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A “Wicked Smaht” Review
A “Wicked Smaht” Review
The American Physical Society March Meeting
Alyssa Alvarez, Thao Nguyen, and Eddy Velazquez, SPS Members, St. Mary’s University–San Antonio
“You’re a physics major? Well then you must be wicked smaht. Welcome to Boston.” That memorable line was directed to Eddy Velazquez, one of the six undergraduates from St. Mary’s University traveling from San Antonio to Boston for the APS March Meeting. They were definitely encouraging words that got our APS March Meeting experience off to a good start. The week that followed was full of many highlights.
Highlight: Enjoying the Diversity in Weather and Research Areas, by Thao Nguyen
Arriving in Boston for this year’s APS March Meeting from the blazing heat of San Antonio, Texas, the first difference we noticed was, inevitably, the weather. We are accustomed to San Antonio, where the temperature can go up to more than 100 degrees in the summer, so experiencing Boston in March (when the temperature was in the 20s) was definitely something we had to acclimate to. Despite our initial reluctance, however, Boston turned out to be quite pleasant, as did the conference.
Like the weather, the APS meeting turned out to be different than what we were used to but enjoyable. Even though we are interested in completely different fields in physics, all of us were able to attend talks that pertained to our preferences because of how well organized and diverse the March Meeting was. Overall, attending different sessions throughout the week on research in fields within our interests, and even fields we had never heard about, was an intellectually stimulating experience.
Highlight: Participating in the Undergraduate Poster Session, by Alyssa Alvarez
I’ve always found presenting to be nerve wracking, but I recognize the importance of practicing this skill. The APS March Meeting provided me with an excellent opportunity to do so during the undergraduate poster session.
In the summer of 2018, I did research at Rice University on proteins called flavodoxins that are found in the bacteria Clostridium acetobutylicum. At the end of my 10-week research experience, I created a scientific poster. Even though my research was biology focused, I decided to submit an abstract for this poster to the APS March Meeting. APS has a lot of diversity when it comes to the subfields of research that are included in the meeting. This diversity is definitely a positive attribute—not only did I get to present my own research, but I was able to find other presentations within my interest areas.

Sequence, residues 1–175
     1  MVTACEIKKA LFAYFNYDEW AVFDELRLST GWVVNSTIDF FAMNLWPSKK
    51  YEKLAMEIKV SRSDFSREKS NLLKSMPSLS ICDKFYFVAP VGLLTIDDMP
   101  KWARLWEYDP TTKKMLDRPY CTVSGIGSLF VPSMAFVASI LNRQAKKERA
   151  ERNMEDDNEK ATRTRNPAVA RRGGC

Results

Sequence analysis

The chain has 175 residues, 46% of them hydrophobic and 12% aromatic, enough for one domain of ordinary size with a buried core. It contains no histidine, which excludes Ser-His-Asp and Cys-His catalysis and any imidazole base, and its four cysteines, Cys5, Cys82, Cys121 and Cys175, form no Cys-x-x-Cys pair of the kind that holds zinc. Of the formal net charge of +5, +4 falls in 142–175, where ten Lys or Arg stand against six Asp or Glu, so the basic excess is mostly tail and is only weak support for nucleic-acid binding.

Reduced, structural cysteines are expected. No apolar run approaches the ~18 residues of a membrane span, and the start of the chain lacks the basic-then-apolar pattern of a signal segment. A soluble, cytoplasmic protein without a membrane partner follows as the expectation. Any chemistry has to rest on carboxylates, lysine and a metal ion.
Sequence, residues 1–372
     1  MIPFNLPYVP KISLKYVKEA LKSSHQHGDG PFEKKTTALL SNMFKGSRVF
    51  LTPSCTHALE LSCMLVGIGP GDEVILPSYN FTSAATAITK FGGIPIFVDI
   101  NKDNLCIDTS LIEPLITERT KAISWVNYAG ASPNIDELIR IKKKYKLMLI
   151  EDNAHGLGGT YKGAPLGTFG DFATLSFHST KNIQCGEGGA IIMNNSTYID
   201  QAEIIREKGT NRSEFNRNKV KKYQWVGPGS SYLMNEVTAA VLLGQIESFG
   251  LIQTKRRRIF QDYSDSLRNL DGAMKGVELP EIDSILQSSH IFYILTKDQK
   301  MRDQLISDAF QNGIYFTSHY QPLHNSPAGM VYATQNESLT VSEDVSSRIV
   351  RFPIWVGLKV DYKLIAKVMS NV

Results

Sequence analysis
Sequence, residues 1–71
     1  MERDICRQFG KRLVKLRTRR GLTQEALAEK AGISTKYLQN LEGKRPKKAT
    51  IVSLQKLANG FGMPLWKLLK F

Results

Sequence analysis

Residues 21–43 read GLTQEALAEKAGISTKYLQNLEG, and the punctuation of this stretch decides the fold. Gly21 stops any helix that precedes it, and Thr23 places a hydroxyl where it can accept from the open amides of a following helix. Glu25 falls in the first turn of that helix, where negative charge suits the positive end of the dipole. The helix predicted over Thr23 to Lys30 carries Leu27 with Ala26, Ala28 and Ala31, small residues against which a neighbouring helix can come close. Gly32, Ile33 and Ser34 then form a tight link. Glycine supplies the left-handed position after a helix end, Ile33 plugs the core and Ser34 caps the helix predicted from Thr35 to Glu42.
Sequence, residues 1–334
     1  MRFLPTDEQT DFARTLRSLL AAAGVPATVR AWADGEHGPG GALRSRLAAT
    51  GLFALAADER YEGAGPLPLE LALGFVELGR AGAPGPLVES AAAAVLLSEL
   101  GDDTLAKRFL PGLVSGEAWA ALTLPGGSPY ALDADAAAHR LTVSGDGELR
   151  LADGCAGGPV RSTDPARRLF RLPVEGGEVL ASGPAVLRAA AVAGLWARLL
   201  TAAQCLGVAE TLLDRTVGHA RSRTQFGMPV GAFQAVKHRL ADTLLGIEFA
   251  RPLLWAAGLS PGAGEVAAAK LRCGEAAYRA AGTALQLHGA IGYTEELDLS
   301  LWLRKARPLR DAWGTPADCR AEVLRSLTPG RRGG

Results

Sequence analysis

It was also very interesting to hear from students about their research, learn what schools they were attending, hear about their goals and interests, and even exchange advice on how to improve our presentation abilities. The undergraduate poster session allowed me to develop my poster presentation skills and gain feedback, and connect with other people who are doing research in similar fields.
Highlight: Meeting an Alum, by Eddy Velazquez
Dr. Giovanni Fazio is a senior physicist at one of the most prestigious universities in the country, Harvard University, and an alum of St. Mary’s. The six of us from St. Mary’s who attended the APS meeting were able to talk with Dr. Fazio there. We heard about his experiences at our university when he attended in the 1950s, as well as the challenges he faced on his journey to earning a PhD and becoming an award-winning physicist. He offered us some good advice about graduate school and not giving up, even in the face of adversity.
I think it’s safe to say that every one of us enjoyed our time in Boston. We were able to learn more about fields within our interests, connect with other undergraduates who share similar goals, meet an alum from our university, and practice our presentation skills during the poster session. We are grateful for everyone that supported us and helped us to attend the conference. If you have an opportunity to attend an APS meeting as an undergrad, you should definitely take it—you will have the time of your life.